It could be cool.
From a newsgroup post dated May 23, 2013:
I hesitated about reposting this, and I apologize, but…
So I saw a link to an article entitled, “What Gay-Bashers Can Learn from Baseball Players,” and my thought as to what gay bashers can learn from baseball players was, “Choke up on the bat, so you get more concentrated power at the point of impact…”
Note: I have, once or twice, come up with even more appalling reactions to posts, reactions that I successfully resisted putting online anywhere. This is, I think, the most vile I ever put in print.
From a newsgroup post dated February 17, 2011:
I have a beard, as anyone who’s met me or seen my picture probably knows. I’ve had it a long, long time.
I started out with just a mustache — and when I say “started out,” I mean I have literally never shaved my upper lip (though it was once, and only once, shaved for me), so by the time I graduated from high school I had a mustache.
That was 1972.
I got kicked out of Princeton in February, 1974, and that was when I grew a beard — a Van Dyke.
Then when I dropped out in 1977, I stopped shaving entirely and grew a full beard. I eventually started shaving again when my neck got excessively fuzzy, but I still have a full beard, and except for two brief interruptions I’ve had it since 1977.
I used to have long hair. I started growing it out in 1969. It got cut back somewhat a couple of times, but basically stayed long until 1984, when I cut it for my youngest sister’s wedding, and so Kyrith, who was then a baby, would stop grabbing and pulling it.
I kept it short for a few years, and honestly, I don’t remember exactly when I grew it back out, but it was long (below my shoulders) through most of the 1990s and well into the 21st century. In 2008, though — I think it was 2008, might have been a year or two earlier — I saw a picture of the back of my head and realized I had a bald spot, and that, combined with the long hair, had me looking uncomfortably like Riff Raff from “The Rocky Horror Picture Show.” So that October I cut it short, and it’s been fairly short ever since.
There were other variations along the way, such as color, but we won’t go into that right now — the basics, long hair and full beard, were pretty much as described above.
And here’s the weird thing: People don’t see this.
The first time I encountered this was when I was readmitted to Princeton in the fall of 1975. People who hadn’t seen me since February of ’74 got to see me with my new beard.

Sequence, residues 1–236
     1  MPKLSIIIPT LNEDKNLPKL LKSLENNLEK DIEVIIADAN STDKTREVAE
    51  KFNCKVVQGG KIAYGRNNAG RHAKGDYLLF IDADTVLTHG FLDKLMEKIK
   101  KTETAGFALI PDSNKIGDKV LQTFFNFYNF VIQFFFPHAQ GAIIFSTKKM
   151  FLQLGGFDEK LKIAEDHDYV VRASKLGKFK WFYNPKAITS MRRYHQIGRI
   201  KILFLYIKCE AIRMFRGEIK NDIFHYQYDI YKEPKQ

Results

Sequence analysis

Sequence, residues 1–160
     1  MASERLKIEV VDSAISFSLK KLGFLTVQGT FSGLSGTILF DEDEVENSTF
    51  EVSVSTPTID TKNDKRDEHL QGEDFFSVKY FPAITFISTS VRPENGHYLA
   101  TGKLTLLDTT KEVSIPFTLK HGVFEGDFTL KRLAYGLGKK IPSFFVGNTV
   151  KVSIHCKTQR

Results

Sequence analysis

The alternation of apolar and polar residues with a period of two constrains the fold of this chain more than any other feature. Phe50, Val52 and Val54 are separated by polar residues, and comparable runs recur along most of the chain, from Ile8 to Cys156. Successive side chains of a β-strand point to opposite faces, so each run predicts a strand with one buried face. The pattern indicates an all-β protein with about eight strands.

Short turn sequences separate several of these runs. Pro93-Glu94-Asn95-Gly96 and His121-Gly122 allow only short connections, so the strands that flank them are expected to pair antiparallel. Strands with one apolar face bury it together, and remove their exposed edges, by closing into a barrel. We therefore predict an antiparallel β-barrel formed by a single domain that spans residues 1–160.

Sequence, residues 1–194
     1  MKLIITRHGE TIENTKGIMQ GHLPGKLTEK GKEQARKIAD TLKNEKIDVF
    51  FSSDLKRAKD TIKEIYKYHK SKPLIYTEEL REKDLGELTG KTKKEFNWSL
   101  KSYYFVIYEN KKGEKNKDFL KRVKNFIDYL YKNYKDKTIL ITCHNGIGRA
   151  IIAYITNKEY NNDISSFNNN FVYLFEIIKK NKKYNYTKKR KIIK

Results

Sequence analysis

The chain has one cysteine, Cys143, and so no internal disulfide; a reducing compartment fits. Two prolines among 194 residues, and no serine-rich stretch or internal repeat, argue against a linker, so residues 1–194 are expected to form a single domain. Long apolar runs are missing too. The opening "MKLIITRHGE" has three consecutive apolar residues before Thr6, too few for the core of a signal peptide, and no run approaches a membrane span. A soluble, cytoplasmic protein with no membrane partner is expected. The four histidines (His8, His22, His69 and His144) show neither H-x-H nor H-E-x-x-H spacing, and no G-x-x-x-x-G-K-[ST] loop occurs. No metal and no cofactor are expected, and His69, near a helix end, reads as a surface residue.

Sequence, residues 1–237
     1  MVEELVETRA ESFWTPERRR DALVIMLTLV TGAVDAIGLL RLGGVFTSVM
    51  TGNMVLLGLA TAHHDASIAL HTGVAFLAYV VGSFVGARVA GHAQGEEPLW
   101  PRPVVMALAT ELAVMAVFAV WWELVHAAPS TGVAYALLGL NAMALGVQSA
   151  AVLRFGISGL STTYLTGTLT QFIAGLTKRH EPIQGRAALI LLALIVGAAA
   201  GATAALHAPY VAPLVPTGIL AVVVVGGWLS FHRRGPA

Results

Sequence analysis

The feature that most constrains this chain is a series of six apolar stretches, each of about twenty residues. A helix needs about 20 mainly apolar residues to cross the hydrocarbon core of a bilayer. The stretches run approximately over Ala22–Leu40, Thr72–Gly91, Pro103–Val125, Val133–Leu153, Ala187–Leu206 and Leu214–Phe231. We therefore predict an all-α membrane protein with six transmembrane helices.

Some people didn’t notice. Some saw that there was something different about me, but couldn’t place it exactly. The strangest was the girl who exclaimed, “You cut your hair!”
I pointed out that no, I hadn’t, my hair was still halfway down my back, but I’d grown a beard. She stared and said, “Didn’t you always have a beard?”
I never did convince her that I hadn’t.
Then at my sister’s wedding in 1984, nobody noticed that I had cut my hair, that it was at least eight inches shorter than before. I mean, nobody noticed. No one. When I finally mentioned it to someone, he asked, “Didn’t you cut it back in 1972?”
He’d seen me several times between 1972 and 1984. It was long every time.
I mentioned two interruptions in my beard. One of them was when I sold my beard to Gillette, for research, and there aren’t any odd stories about that, but the other one, well, one morning I just decided to experiment, and shaved half of it off, trimming it back down to the old Van Dyke.
No one noticed. It was like the wedding, except that this time even my own kids didn’t notice anything. So I grew the full beard back, because why bother maintaining the trim if nobody notices?
And I bring this all up now because at Capricon this past weekend, someone I hadn’t seen for a few years saw me and exclaimed, “You grew a beard!”
She had never, ever seen me without a full beard. The actual difference was that I’d cut my hair since she last saw me. Well, that, and I’ve gone mostly gray.
But she saw a difference, and somehow that became I’d grown a beard.
I find this phenomenon baffling.
From a newsgroup post dated April 23, 2009:
Over on rec.arts.sf.written there’s currently a discussion (in a monster thread entitled “Socialism in SF” that’s 90% crap) about the decline of the West as evidenced by the sorry state of the fine arts.
That’s a subject I find interesting, even though I think 90% of everything everyone says on the subject is wrong — not the alleged sorry state of the fine arts, but what it says about the state of our civilization.
I’m trying to give shape here to a bunch of complicated and conflicting ideas on the subject, and I’m not finding the words. Instead, let me ask everyone out there for opinions:
Are the fine arts in a state of decline?
Does it matter that opera and ballet are now largely the province of a tiny faction of old-fashioned elitists, given that we have movies and other new media?
Does it mean anything for the health of civilization as a whole if the arts are in a state of decline?